Boyce pointed out that 50 percent of the executive committee members at the time of the 2022 vote had since left the governing body.

The Northern Irishman also insisted FIFA president Sepp Blatter's position should not be called into question by the allegations.

He said: "From the day that I became a member of the executive committee and from the day that Sepp Blatter announced that he wanted to see complete and utter reforms carried out by FIFA, he has led these investigations and he has led a lot of the reforms that were badly needed at FIFA that are now being carried out.

"There is no suggestion whatsoever that he was involved in any wrongdoing.

"When Garcia's report comes back to him, as president of FIFA he has to give leadership.

"There are people in authority who are not aware of things that go on regarding other individuals and if he personally wasn't involved in this I don't think there's any reason whatsoever for him to resign.

"He is still the president of FIFA and I'm sure he, like the rest of the decent people and the people who are involved in FIFA, are awaiting with great interest Mr Garcia's report."

The Sunday Times said the official Qatar bid committee had always insisted Bin Hammam was an entirely separate individual who had nothing to do with the campaign to bring the World Cup to Doha.

But a senior politician called for a full and transparent investigation into how the 2022 World Cup was awarded to Qatar.

John Whittingdale, chairman of the Commons Culture, Media and Sport select committee, said on Sunday: "My committee examined allegations two years ago that there had been corrupt payments involved in the decision, and we called for a full, transparent investigation. However, since then, FIFA have attempted to brush off the allegations and not taken them anything like sufficiently seriously.

"If these revelations in the Sunday Times prove to be correct they are obviously extremely serious.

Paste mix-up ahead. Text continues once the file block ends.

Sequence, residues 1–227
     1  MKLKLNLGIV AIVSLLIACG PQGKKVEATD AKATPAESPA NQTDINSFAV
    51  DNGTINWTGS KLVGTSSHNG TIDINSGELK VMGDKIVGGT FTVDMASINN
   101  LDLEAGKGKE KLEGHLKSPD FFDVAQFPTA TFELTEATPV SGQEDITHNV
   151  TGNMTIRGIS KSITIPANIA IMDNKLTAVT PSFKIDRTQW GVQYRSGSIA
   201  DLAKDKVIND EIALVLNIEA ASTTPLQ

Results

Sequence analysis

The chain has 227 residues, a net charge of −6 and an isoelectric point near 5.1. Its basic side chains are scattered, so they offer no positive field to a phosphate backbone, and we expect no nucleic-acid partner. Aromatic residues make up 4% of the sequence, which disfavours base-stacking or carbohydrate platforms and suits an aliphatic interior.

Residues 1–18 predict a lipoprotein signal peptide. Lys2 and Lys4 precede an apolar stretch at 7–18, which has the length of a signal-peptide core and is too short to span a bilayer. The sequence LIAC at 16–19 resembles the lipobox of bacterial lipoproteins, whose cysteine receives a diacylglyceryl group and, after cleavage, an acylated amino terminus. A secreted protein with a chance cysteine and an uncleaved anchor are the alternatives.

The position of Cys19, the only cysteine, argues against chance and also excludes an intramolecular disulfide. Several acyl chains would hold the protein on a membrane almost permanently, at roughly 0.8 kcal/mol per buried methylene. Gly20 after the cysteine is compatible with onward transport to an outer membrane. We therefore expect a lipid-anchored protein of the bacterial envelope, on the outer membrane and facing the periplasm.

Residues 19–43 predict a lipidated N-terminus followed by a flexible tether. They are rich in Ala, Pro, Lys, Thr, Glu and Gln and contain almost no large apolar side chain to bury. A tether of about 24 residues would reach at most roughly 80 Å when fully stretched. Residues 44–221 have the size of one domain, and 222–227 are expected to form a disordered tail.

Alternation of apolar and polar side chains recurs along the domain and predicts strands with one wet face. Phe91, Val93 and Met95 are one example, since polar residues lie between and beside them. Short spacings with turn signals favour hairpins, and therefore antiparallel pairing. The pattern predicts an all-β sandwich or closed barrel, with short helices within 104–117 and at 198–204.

"There does need to be an urgent and full transparent investigation to establish the facts."

Whittingdale argued Blatter's position was "almost untenable" as he had been very dismissive of the allegations over the past couple of years and did not appear to have taken them seriously.

He added: "There have already been serious doubts raised about the capability of Qatar to host the 2022 World Cup on football grounds. If the choice of Qatar was as a result of improper payments being made, then that strengthens an already strong case for re-running the whole 2022 contest."

Gerry Sutcliffe was sports minister during the bidding process for the 2018 and 2022 World Cups, which were awarded simultaneously. England bid for the 2018 tournament, but lost out to Russia.

Sutcliffe cast doubt on whether a re-run of the 2022 bid would be possible, but said urgent action was required to show potential bidders for future tournaments it was still worthwhile funding a bid.

"It's called into question the whole integrity of FIFA," he said on Radio 5 Live.

"I think it would be difficult to re-run 2018 and 2022 now because the commitments have been made.

"What I think should happen is the FA, through UEFA, should make strong representations to FIFA, because what's going to happen is people are not going to bid in the future if it's not a fair and transparent process."

Clive Efford MP, Labour's Shadow Minister for Sport, said: "This issue calls the governance of football into question. No one will have any confidence in a FIFA investigation run by Sepp Blatter.

"If these allegations are true then those involved should resign.

"FIFA must take urgent action and reopen the bidding for the 2022 World Cup if it wants to restore its credibility."